This was George Osborne’s last chance to give Plan B a go
I am trying to imagine the sense of desperation that must have surrounded those close to the chancellor in the run up to this year’s Budget. Despite absolute determination in the government to drive growth, it has proved as elusive as willo’-the-wisp.
So it was not surprising that the first part of the chancellor’s speech was dominated by telling us (again) it would be getting worse before it gets better.
Now over half-way through the parliament, this was George Osborne’s last chance to tell the British public that Plan A had looked like a good idea, but on reflection he was minded to give Plan B a go.
But anyone who thought that was even a remote possibility underestimates the chancellor’s determination to stick to his course. With repeated references to living within our means and controlling spending it is clear that pigs will fly before this government embraces public spending as a main stimulus to growth.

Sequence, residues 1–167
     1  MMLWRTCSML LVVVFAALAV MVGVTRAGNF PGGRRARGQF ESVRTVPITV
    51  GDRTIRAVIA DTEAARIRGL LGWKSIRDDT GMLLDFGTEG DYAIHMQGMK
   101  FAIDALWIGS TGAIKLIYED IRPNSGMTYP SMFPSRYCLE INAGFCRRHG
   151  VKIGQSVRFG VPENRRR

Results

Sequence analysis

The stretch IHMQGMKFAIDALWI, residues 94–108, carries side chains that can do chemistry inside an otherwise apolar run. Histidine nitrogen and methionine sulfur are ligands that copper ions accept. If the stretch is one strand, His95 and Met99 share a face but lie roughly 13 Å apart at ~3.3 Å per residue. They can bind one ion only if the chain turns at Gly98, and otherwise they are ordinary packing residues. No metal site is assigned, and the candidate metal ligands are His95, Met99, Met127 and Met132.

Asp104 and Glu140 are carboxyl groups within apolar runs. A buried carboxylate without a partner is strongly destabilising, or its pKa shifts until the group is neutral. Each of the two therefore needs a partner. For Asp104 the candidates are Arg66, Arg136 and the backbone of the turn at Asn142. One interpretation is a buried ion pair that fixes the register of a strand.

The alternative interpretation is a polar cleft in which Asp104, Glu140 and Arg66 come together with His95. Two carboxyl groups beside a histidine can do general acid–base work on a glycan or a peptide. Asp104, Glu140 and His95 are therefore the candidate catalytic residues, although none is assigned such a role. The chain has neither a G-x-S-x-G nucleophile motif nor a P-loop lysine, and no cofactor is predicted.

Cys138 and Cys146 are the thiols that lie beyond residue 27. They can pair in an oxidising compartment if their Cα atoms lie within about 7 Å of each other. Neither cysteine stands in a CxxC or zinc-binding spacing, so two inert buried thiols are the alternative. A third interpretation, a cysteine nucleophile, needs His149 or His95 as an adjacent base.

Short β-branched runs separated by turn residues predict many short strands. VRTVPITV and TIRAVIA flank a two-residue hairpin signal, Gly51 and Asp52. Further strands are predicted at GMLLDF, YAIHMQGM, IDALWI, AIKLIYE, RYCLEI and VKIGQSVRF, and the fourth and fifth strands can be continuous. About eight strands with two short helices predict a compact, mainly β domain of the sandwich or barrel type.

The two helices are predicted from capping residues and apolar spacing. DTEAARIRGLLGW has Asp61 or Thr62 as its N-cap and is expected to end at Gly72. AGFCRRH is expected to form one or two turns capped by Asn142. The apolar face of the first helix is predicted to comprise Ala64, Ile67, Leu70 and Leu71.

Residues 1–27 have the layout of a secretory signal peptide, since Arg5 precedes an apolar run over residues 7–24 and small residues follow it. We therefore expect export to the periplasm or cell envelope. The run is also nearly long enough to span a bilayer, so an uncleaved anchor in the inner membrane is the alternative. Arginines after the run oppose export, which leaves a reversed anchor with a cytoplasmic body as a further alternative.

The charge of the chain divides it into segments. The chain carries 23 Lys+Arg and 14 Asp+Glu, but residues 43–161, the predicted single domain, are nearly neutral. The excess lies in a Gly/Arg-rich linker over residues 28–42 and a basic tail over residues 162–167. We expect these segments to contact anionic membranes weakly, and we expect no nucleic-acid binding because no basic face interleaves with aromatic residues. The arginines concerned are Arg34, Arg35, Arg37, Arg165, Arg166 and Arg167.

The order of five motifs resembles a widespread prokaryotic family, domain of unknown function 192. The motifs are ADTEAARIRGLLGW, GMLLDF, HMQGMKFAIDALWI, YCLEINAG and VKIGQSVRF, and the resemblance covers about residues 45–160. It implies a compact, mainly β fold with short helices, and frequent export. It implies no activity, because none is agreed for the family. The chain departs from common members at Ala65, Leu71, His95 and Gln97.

The extra £3bn a year for infrastructure investment is of course welcome but let’s not get carried away. Against an infrastructure investment requirement of at least £400bn over the next 10 years, £3bn a year is a drop in the ocean. The government is making a deliberate choice for private infrastructure investment to get the economy moving again.
In the detail on infrastructure you had to look hard to find anything new. Had agreement been reached last week with EDF then the centre-piece of the Budget would no doubt have been our new nuclear future.
But in the absence of that agreement the chancellor found his “get-out-of-jail” card in his new “Help to Buy” scheme. It’s a bold move that recognises that housing should offer fast-acting pain relief for our economic woes, and the sooner that effect is felt in the construction industry and all the supporting trades the better.
Richard Threlfall is KPMG’s head of infrastructure, building and construction